More Gauges of Water Pollution

May 18th, 2012 by Steve

By Wu Wencong (China Daily)

More gauges, such as levels of heavy metal and persistent organic pollutants, will be used toevaluate the quality of major rivers and lakes, an official said on Thursday.

China has been trying to combat water pollutants after several major river pollution casestriggered a public outcry.

A total of 22 indicators will be used to evaluate river quality during the 12th Five-Year Plan(2011-15) period, Zhao Hualin, head of the pollution prevention department under the Ministryof Environmental Protection, said at a news conference.

Chemical oxygen demand, a test commonly used to measure the amount of organiccompounds in water, is the major indicator used to evaluate water quality nationwide. Otherindicators are used in some areas but have not been adopted in the national evaluationsystem.

After more gauges, such as heavy metal, become national standards, the water quality ofsome rivers may be downgraded for a certain period of time, said Ling Jiang, deputy head ofthe department. “But stricter evaluation will be good in the long term.”

China’s awareness of water safety has been heightened following several major pollutioncases in recent years.

A recent case happened in South China’s Guangxi Zhuang autonomous region in January,when cadmium contamination was detected in the Longjiang River after large numbers of deadfish appeared.

The latest public outcry over water safety came after a Century Weekly magazine report earlierthis month, citing unnamed insiders, said that about half of urban tap water failed to meetnational quality standards.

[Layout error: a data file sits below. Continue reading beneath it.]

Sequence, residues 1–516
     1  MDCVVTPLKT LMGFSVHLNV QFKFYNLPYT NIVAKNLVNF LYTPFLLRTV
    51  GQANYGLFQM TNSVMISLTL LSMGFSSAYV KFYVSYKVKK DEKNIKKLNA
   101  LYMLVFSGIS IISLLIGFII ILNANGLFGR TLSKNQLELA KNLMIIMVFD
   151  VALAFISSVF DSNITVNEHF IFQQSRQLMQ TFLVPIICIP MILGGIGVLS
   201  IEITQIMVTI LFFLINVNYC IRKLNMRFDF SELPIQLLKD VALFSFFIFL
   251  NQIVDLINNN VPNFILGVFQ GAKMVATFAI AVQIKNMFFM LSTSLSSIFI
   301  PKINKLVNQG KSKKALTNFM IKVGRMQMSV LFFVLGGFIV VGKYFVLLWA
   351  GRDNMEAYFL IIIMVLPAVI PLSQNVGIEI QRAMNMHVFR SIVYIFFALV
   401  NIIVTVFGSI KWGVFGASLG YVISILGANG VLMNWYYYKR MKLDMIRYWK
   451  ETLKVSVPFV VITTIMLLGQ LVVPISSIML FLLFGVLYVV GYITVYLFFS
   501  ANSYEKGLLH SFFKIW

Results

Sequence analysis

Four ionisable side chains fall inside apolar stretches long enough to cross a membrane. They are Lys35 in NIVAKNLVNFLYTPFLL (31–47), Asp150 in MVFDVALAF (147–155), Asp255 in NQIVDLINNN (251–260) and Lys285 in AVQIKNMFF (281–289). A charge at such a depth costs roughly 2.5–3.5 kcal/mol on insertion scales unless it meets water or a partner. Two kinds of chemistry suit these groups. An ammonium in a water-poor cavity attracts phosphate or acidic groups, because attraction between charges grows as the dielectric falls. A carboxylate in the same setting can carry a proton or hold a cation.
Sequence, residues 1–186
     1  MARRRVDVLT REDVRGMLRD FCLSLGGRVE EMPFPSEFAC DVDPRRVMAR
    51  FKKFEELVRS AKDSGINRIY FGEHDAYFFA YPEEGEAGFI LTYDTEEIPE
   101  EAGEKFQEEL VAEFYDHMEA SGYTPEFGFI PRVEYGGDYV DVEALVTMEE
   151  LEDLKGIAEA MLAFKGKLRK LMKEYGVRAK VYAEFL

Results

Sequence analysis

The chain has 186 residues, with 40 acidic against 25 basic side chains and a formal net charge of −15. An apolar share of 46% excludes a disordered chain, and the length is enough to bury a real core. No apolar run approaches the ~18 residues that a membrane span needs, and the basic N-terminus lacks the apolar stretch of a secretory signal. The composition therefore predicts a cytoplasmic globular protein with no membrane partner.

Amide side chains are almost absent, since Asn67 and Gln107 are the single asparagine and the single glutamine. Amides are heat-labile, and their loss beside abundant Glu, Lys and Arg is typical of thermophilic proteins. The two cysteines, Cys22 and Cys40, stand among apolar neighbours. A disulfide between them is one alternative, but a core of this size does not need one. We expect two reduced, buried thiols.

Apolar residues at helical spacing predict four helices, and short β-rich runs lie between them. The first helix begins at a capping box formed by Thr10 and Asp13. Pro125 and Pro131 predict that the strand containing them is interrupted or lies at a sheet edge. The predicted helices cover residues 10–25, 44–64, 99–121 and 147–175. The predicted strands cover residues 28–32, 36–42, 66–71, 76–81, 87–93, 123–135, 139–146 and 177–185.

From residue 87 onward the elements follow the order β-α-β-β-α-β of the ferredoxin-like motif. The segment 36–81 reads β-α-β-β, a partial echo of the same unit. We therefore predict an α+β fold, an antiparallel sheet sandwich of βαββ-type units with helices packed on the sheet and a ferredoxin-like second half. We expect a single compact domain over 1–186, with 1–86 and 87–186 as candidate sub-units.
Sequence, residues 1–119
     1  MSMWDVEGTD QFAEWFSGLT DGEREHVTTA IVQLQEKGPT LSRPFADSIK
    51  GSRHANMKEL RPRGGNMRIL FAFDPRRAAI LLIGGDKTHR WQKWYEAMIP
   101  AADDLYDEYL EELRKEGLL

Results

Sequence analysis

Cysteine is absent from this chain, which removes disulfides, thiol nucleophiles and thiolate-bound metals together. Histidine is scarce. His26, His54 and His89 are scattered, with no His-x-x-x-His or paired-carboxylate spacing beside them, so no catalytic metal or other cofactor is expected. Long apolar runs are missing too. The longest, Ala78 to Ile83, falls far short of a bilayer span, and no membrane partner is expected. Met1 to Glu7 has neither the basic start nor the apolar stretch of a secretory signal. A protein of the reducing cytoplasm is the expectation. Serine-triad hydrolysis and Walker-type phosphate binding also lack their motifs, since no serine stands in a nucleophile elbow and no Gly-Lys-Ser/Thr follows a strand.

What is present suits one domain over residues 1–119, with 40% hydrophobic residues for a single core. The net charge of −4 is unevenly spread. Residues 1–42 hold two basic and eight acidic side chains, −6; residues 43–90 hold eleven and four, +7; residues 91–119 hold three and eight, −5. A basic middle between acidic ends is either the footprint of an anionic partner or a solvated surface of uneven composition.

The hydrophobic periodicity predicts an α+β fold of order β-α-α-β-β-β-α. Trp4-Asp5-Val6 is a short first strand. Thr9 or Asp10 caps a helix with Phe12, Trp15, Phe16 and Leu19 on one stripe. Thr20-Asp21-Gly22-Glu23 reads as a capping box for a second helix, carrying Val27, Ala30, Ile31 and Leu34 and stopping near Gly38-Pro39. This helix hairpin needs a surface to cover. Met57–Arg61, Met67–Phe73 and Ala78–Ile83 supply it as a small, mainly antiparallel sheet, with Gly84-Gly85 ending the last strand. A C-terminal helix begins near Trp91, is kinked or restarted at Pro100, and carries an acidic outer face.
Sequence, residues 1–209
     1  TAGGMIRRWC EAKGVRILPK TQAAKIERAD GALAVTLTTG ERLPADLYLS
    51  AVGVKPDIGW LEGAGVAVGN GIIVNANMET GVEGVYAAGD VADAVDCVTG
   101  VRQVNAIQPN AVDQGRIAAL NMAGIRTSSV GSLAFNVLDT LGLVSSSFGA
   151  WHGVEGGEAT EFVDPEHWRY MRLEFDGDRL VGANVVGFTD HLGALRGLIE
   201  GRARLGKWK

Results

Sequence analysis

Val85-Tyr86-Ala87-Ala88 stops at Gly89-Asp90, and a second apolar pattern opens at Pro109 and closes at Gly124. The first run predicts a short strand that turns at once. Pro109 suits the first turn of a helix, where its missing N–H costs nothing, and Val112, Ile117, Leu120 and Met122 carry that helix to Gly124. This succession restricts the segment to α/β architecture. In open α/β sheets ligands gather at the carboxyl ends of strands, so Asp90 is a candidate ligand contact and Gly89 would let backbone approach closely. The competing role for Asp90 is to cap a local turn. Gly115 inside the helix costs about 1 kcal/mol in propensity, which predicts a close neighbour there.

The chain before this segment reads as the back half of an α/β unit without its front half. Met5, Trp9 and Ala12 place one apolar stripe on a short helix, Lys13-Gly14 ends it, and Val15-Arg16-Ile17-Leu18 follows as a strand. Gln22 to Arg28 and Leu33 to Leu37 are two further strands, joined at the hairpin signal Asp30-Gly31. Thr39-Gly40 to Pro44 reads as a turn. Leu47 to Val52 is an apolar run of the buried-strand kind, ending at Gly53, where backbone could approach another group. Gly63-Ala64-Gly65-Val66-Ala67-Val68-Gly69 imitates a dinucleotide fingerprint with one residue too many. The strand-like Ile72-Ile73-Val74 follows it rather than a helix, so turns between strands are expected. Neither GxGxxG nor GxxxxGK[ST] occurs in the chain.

The government later said the rate was 17 percent in 2011.

Amid enhanced public awareness, the government has vowed to bring an end to waterpollution and ensure drinking water safety.

According to a plan approved by the State Council on April 16, China aims to improve thewater quality of major rivers and lakes from “moderately polluted” to “slightly polluted”, Zhaosaid on Thursday.

Under the plan, 49.2 percent of the rivers and the lakes monitored by the central authoritiesshould meet at least Grade III standards by the end of 2015. That will be an increase of 5percentage points from 2010.

The country also plans to reduce the proportion of “worse-than-Grade-V” water by 8percentage points in five years from 25.8 percent in 2010. In China, river water quality ismeasured in six levels, from Grade I to Grade V and another grade called “worse than GradeV”. Only Grade I and II water can be used as drinking water sources, according to regulations.

An estimated 500 billion yuan ($79.1 billion) will be spent from 2011 to 2015 to ease thepollution in 10 major rivers and lakes monitored by the central government.

They include Songhua River in Northeast China, Haihe River close to Beijing, and Taihu Lakein East China.

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